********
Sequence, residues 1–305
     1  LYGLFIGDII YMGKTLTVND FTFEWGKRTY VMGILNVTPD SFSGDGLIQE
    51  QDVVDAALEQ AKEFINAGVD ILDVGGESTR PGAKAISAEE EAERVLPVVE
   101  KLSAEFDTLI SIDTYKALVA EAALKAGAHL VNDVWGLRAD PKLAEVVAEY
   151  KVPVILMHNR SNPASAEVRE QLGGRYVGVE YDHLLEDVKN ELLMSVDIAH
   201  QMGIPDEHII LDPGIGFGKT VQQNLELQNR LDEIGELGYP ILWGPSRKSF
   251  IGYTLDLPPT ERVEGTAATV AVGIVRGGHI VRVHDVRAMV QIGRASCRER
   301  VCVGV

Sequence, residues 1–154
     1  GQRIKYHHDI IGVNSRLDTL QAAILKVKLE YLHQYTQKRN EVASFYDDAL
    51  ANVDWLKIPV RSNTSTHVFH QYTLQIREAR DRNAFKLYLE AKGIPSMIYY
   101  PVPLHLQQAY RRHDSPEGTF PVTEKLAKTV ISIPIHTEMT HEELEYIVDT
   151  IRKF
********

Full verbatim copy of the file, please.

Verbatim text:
Sequence, residues 1–305
     1  LYGLFIGDII YMGKTLTVND FTFEWGKRTY VMGILNVTPD SFSGDGLIQE
    51  QDVVDAALEQ AKEFINAGVD ILDVGGESTR PGAKAISAEE EAERVLPVVE
   101  KLSAEFDTLI SIDTYKALVA EAALKAGAHL VNDVWGLRAD PKLAEVVAEY
   151  KVPVILMHNR SNPASAEVRE QLGGRYVGVE YDHLLEDVKN ELLMSVDIAH
   201  QMGIPDEHII LDPGIGFGKT VQQNLELQNR LDEIGELGYP ILWGPSRKSF
   251  IGYTLDLPPT ERVEGTAATV AVGIVRGGHI VRVHDVRAMV QIGRASCRER
   301  VCVGV

Sequence, residues 1–154
     1  GQRIKYHHDI IGVNSRLDTL QAAILKVKLE YLHQYTQKRN EVASFYDDAL
    51  ANVDWLKIPV RSNTSTHVFH QYTLQIREAR DRNAFKLYLE AKGIPSMIYY
   101  PVPLHLQQAY RRHDSPEGTF PVTEKLAKTV ISIPIHTEMT HEELEYIVDT
   151  IRKF